Teachers, check out the Jet Propulsion Laboratory’s Eyes on the Solar System website, a 3-D environment full of real NASA mission data. Your students can explore the cosmos from their computer. They can hop on an asteroid or fly with NASA’s Voyager spacecraft. They can explore individual planets or see the entire solar system moving in real time. It’s up to them: They control space and time.

In addition to exploring the solar system, the website currently features interactive explorations of the Curiosity rover’s mission on Mars; Mission Juno’s trip to Jupiter; the lunar explorations of the Gravity Recovery And Interior Laboratory, or GRAIL, and MoonKam missions; and the radioisotope power systems behind Curiosity and other missions.

JPL’s Eyes on the Solar System is located at http://eyes.nasa.gov.

Link to the NASA Explorer Schools home page.

High School Students Operate Robotic Satellites on International Space Station

SPHERES Competition LogoOn Friday, Jan. 11th, high school students from around the world joined in fierce competition to claim the championship spot in the Synchronized Position Hold, Engage, Reorient, Experimental Satellites, or SPHERES, Zero Robotics High School Tournament 2012. The young competitors operated robotic satellites aboard the International Space Station, or ISS, using programs they wrote in preparation for the event. The finalists watched the action via live downlink from the space station with anticipation, as astronauts supervised the satellites during the ISS Finals.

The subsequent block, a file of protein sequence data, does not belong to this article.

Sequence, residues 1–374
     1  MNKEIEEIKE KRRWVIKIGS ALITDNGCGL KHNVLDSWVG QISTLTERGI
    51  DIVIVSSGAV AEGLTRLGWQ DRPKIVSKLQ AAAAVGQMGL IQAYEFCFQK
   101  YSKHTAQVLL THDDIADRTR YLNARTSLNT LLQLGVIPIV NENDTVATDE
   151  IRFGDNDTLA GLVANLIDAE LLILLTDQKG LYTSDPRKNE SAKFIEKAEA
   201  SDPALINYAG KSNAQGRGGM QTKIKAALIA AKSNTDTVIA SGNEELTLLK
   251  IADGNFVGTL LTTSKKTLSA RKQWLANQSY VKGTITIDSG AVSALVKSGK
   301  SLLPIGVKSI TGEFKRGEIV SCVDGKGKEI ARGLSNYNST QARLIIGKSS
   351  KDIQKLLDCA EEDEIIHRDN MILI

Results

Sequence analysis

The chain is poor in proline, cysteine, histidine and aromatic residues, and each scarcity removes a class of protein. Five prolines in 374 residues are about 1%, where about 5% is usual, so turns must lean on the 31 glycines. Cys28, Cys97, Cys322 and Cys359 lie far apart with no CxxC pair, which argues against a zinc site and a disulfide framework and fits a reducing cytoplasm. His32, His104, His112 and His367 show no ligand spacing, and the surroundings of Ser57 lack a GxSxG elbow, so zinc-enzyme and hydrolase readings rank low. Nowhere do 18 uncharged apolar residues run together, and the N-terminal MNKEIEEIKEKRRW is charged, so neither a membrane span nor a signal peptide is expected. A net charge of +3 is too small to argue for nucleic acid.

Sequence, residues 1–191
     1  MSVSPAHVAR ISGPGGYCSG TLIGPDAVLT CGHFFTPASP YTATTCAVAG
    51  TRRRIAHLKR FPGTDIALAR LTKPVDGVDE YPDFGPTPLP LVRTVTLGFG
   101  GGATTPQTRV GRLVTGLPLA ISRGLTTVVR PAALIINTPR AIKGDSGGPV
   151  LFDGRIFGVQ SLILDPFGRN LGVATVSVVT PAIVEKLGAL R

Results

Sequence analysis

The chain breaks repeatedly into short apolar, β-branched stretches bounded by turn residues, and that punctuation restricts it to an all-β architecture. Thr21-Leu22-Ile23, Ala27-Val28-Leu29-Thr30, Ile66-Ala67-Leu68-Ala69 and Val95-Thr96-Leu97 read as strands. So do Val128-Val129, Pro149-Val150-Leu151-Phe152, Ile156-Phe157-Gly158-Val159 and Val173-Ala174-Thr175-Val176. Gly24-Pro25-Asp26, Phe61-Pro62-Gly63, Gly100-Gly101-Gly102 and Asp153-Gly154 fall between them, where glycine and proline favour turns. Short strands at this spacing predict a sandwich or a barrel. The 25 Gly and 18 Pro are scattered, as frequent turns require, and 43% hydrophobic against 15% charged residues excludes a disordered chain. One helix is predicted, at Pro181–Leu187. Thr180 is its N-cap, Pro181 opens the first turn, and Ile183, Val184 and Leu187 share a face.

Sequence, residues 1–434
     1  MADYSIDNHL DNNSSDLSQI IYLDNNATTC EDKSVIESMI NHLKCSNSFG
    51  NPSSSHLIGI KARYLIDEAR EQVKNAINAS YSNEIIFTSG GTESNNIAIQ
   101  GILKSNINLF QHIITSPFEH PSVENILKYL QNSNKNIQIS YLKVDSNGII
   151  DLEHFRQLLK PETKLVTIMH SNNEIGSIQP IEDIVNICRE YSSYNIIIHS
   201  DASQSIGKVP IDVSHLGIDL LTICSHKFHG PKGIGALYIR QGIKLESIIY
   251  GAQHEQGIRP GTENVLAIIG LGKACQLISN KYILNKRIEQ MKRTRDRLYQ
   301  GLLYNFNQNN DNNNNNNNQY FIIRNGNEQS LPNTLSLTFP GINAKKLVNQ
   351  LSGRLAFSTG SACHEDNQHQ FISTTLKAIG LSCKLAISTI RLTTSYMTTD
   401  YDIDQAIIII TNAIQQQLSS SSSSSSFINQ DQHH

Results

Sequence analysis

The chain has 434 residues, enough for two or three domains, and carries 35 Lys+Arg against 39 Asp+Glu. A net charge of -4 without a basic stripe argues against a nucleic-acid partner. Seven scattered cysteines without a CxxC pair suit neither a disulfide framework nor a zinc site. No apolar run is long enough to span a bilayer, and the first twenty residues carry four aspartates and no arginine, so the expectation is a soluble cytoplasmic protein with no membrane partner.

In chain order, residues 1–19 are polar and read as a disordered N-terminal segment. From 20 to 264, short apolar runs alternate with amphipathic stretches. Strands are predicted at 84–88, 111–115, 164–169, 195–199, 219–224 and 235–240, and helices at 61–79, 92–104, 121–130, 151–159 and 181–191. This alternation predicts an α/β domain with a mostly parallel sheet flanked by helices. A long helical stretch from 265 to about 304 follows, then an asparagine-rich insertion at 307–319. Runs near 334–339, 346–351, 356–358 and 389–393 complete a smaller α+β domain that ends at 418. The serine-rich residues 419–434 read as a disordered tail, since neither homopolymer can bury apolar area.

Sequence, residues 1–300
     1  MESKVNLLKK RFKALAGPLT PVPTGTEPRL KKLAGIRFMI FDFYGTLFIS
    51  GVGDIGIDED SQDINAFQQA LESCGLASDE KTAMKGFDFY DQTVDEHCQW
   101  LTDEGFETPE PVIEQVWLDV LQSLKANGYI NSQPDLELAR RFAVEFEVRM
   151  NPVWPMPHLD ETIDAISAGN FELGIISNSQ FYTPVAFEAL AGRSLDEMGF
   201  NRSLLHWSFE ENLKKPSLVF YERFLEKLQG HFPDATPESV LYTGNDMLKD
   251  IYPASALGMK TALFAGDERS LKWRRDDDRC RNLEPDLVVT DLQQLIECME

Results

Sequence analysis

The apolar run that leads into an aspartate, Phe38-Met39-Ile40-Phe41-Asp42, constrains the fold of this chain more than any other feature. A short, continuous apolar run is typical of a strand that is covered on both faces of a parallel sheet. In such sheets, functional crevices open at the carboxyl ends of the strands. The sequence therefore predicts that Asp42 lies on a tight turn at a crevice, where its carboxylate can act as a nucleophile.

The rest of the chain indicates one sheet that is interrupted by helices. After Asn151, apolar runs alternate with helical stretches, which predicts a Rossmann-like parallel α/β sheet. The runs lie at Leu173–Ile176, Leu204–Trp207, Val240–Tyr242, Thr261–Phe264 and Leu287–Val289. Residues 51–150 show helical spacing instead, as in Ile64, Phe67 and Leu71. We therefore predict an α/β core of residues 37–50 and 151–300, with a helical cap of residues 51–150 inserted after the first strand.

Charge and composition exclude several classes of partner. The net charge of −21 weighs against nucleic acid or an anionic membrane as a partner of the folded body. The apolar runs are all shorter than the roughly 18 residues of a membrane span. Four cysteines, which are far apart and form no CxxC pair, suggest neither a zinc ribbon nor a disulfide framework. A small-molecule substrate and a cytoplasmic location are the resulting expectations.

The finals event followed three months of online simulation competitions, during which the initial pool of 96 teams from the United States and 47 teams from Europe was narrowed to nine and six alliances, respectively. Each alliance consisted of three different teams of high school students that joined forces in November 2012 to collaborate and write the best computer programs to run on the SPHERES aboard the space station.